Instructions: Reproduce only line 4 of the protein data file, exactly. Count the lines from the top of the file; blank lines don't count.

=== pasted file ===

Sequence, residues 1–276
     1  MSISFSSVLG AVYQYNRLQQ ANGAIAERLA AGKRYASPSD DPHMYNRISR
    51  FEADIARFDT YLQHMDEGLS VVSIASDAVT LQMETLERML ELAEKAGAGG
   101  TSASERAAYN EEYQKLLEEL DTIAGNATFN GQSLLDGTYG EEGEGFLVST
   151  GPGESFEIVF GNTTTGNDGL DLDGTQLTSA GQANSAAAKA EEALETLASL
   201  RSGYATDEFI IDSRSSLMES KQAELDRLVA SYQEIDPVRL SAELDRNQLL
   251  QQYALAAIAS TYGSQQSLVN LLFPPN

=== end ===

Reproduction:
   101  TSASERAAYN EEYQKLLEEL DTIAGNATFN GQSLLDGTYG EEGEGFLVST